First, I would like to commend CNN for covering this topic–it's an important one. There are a few things that should be addressed before having this conversation. One is to cover what affirmative action actually is, which I think stirs a lot of the debate. One misnomer is that affirmative action is meant to be a quota system–it is not. Affirmative action is meant to give all people an equal opportunity realms such as the job market, education, etc. Again affirmative action is not a quota system. It does not say that you must have 5 women, 5 African Americans, 5 Latinos, etc. It just says that you should consider qualified minorities without bias the same way that you consider white men.

    July 17, 2009 at 7:18 am |
  62. Janet

    Affirmative action is necessary. As a country we have not all learned to embrace each. Until everyone see each other as an American and not prefixed by a descriptive word affirmative action is necessary. Born Jamaican but I am now a proud American. I love the motto of my homeland because I believe it aptly apply here in America "Out of Many, One People." When we can say this with pride then at this point we don't need affirmative action because the playing field is level and all have the same opportunity to excel. What we do when we are at this point as a nation would seek to advance all, no matter our racial and gender persuasion. I love America. Change is not easy but we can.

    July 17, 2009 at 7:16 am |
  63. Andrew Graves

    Here we are in 2009 still talking about affirmative action. I was in elementary school during the height of the civil rights movement, and I can still remember when affirmative action was set in motion. It was the worst thing that could have happened to "Blacks in America". I believe that qualified men and women regardless of race or gender should be considered for employment based solely on their qualifications. Affirmative action is a broken crutch that has out lived its usefulness and should be thrown away.

    July 17, 2009 at 7:14 am |
  64. John

    Just because someone with wealth and privilege and people who never understood the need for affirmative action to begin with say affirmative action is not necessary does not mean there is no longer a need for affirmative action.

    I think it's insulting to showcase examples of minorities saying affirmative action is a bad thing, when the majority of those people do not represent the experiences of the majority of people of color or disadvantaged groups generally. Those people become tokenized as spokespeople for the majority groups. It's like saying, if this one black person or woman has stopped "complaining' then why can't you?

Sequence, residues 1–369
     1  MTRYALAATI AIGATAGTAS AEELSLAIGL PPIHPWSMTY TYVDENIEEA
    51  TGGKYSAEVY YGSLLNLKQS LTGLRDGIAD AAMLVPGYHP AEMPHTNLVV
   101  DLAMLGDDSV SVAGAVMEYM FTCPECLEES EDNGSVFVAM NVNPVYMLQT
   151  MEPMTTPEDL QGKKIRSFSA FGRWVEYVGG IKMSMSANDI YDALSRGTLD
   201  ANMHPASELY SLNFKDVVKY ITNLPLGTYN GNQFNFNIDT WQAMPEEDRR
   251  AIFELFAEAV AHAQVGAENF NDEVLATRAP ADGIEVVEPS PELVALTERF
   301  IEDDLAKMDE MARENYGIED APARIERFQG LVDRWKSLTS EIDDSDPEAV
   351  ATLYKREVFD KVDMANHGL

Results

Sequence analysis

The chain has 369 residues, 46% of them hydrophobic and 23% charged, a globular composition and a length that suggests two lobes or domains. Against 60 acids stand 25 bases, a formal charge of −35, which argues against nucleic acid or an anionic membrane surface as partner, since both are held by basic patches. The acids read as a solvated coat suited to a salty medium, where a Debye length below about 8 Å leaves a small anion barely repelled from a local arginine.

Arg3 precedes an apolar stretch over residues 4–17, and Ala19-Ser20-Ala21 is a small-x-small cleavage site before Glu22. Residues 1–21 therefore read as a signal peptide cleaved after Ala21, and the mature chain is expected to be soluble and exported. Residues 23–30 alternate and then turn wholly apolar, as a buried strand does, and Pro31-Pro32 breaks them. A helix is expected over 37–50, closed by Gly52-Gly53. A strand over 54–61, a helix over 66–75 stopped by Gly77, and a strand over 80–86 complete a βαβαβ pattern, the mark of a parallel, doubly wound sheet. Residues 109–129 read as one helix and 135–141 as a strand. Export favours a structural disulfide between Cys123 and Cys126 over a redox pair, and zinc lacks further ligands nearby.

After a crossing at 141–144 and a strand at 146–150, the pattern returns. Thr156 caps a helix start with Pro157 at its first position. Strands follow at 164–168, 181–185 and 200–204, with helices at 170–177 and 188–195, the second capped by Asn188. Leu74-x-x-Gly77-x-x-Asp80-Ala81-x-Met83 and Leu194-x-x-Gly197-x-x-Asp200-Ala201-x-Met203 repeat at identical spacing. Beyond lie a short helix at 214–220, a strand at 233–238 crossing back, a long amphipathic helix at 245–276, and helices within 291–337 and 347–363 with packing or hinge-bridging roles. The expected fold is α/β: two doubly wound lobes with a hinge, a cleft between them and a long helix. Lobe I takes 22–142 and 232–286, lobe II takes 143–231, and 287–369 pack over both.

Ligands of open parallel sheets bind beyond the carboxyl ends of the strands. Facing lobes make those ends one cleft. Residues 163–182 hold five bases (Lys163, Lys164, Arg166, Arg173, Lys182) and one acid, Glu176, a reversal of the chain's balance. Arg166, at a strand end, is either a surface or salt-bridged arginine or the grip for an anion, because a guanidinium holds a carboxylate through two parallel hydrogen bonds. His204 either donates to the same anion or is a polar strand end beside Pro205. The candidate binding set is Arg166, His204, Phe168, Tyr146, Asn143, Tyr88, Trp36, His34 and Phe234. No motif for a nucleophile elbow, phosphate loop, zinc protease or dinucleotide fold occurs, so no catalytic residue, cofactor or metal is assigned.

Just because Obama is president, Hilary Cilinton is secretary of state, Thomas is a justice, and Sotomayor might be a justice does not mean we should pat each other in the back and congratulate ourselves of overcoming a nighmarish era in American history, both for people who experienced discrimination and those who spent their energies claiming "it" was never that bad to begin with.

    If you go to public schools in Los Angeles (where I have worked for more than six years), you will find schools that have to be described as de facto segregated.

    Los Angeles is terribly segregated, and schools in low income areas are not only overwhelmingly populated by black and latino students, but are also underfunded due to the fact that schools in lower income areas get less money than schools in higher income areas.

    There is still an unequal playing field, and it is cruel to tell some people that they should work harder and stop making excuses or "cheating the system" f when other groups get financial and educational privileges and claim they did so because of their inherent superiority (and better study habits).

    Of course you can point at a couple of examples and say things are better, but the majority of senators are still white and men. And isn't it ironic that Sonia Sotomayor has to be accused of being a "racist" by a senator (Sessions) who once claimed that the KKK was not so bad until he found out they smoke marijuana.

    So NO THINGS ARE NOT BETTER, and people who don't understand the nature of injustice and the current plight of minorities in the US will obviously not understand that.

    July 17, 2009 at 7:13 am |
  65. Farley Flex

    While the successes of individuals like "soon to be" Justice Sotomayor, President Obama and others deserve to be celebrated, what is really important is to recognize that the racial groups that they represent still have disproportionately high representation at of the bottom all the critical categories of concern – household income, rate of incarceration, AIDS, high school dropout rates, early pregnancy, the list goes on. When these groups who represent a particular % of the population only represent that or near that in in any of the above categories, then and only then will some version of "affimative action" no longer be necessary.

    Check out overall corporate appointments relative to race!

    Farley Flex, Ajax Ontario

    July 17, 2009 at 7:10 am |
  66. Linda Anderson Raffington